Getting ahead – in education and housing – mustn't mean going under
Usually when I see an article that catches my eye or ire, I tweet about it and get on with my day. Ken Harney's "The Nation's Housing" column in this Sunday's Post had me muttering to myself by the second paragraph.
Mind you, I understand Mr. Harney's target audience: single-family homebuilders and real estate agents. They're interested in producing and selling product as any good business does. When a source of demand dries up, they become rightly concerned. It's fairly easy for builders and agents to enter the housing market in boom times when profits are high and exit in slack times when there's no money to be made. The same case can't be made for homeowners stuck with an underwater mortgage.
In his column Mr. Harney states: "First-time buyers are missing in action; they represent a smaller proportion of overall sales activity than their historical norm." Mr. Harney blames "massive student-debt levels", but that's too narrow a focus and perhaps misleading. According to a recent analysis by The Pew Research Center, overall debt levels are down since 2008 for Americans under 35 years old. Younger Americans have put off big-ticket purchases such as houses and cars; they're also going to school longer (acquiring more debt along the way) and getting into the job market, marrying, and having children later.
But wait, there's more at work here: qualifying for a mortgage is harder with tightened lending standards; consumer tastes for ownership are changing; there are more single households forming; and first-time homebuyers are skittish about plowing their savings into a fixed, immobile asset whose future value is uncertain. And perhaps we want to become a more mobile society, going where employers need us and the work takes us.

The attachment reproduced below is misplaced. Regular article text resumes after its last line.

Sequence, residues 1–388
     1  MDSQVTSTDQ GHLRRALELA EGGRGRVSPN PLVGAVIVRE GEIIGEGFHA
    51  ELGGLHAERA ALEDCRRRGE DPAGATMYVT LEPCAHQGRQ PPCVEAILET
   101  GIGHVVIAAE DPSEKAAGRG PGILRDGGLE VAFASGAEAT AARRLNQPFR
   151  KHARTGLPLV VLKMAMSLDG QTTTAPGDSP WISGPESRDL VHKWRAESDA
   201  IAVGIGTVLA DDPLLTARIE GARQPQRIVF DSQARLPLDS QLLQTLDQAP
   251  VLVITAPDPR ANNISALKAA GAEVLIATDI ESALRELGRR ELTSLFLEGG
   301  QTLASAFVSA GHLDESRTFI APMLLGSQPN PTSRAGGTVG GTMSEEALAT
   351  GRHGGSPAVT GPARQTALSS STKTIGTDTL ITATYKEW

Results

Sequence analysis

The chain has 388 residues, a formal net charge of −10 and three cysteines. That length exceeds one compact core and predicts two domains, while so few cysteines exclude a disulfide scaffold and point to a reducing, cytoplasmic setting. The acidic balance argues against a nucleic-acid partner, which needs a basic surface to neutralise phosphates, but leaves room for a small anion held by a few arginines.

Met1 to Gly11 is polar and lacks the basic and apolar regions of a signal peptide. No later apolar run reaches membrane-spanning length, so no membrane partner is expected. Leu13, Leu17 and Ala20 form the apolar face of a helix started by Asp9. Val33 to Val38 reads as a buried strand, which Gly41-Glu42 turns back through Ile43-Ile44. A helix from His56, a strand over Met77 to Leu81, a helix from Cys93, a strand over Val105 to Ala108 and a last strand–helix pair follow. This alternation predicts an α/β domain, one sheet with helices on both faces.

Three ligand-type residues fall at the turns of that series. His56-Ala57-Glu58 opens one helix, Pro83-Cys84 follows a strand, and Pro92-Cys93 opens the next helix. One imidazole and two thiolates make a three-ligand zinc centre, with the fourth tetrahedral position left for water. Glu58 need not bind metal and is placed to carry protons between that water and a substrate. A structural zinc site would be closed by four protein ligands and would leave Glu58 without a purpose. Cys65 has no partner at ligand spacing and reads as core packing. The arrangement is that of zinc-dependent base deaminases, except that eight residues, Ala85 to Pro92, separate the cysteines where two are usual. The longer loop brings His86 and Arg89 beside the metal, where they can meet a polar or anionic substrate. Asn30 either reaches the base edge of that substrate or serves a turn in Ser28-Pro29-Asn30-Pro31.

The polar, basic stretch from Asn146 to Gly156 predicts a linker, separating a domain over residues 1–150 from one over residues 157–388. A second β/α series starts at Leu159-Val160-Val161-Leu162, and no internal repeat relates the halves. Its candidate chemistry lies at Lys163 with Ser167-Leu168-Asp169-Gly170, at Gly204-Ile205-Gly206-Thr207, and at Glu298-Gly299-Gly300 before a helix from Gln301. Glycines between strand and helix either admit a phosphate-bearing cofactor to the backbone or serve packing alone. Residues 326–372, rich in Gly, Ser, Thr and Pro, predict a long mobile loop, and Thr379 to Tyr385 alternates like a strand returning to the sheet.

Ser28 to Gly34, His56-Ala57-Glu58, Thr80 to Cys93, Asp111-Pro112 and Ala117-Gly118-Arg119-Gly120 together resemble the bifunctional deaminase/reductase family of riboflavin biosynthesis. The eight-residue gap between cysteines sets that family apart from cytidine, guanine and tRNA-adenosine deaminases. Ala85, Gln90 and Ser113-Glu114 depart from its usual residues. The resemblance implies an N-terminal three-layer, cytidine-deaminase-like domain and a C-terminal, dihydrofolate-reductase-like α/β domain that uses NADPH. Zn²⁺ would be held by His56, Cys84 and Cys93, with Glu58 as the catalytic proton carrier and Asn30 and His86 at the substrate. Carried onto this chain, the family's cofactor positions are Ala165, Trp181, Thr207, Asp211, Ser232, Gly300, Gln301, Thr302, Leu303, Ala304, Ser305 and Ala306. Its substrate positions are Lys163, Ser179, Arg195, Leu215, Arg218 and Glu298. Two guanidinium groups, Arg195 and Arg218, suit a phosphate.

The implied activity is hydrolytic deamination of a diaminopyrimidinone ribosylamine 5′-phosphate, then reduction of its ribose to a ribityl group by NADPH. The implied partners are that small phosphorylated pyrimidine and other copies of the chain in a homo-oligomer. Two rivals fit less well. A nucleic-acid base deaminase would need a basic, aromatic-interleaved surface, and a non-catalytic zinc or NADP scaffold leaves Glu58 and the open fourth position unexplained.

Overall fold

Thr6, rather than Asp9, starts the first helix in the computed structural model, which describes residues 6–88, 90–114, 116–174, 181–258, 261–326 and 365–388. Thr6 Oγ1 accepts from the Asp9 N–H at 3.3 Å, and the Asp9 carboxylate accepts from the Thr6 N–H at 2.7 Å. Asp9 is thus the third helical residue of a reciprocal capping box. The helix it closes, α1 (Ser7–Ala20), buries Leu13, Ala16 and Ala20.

"All of this represents a potentially significant issue for homeowners and sellers in the overall market," Mr. Harney states. "Without entry-level purchasers, the housing system doesn’t work well. If there’s no one to buy moderately priced starter homes, the owners of those houses can’t sell and move up." Mr. Harney's statements will make some shout, "Market failure!" or "Crisis!" It makes me scream, "No!" The market hasn't failed; instead, market dynamics and consumer preferences have changed.
The culprit is not the market; it's over-eager lawmakers who spotted a giveaway opportunity for constituents and industry lobbyists without acknowledging the downstream effects of burst asset bubbles and underwater mortgages. The market distortions created by subsidized lending and insurance bid up housing prices so first timers are priced out or go deeper in debt, raising the expectations (and demands) of current homeowners for ever increasing home values until the upward spiral crushes itself and household wealth.
The policy solution is to unwind subsidized student loan programs and end housing subsidies that encourage indebtedness (specifically, mortgage interest deductibility and FHA insurance underwriting). The housing system works best when suppliers can enter and exit the market easily, the government stays out of the tenure choice between ownership and renting, and consumers can choose where they live without buyer's remorse.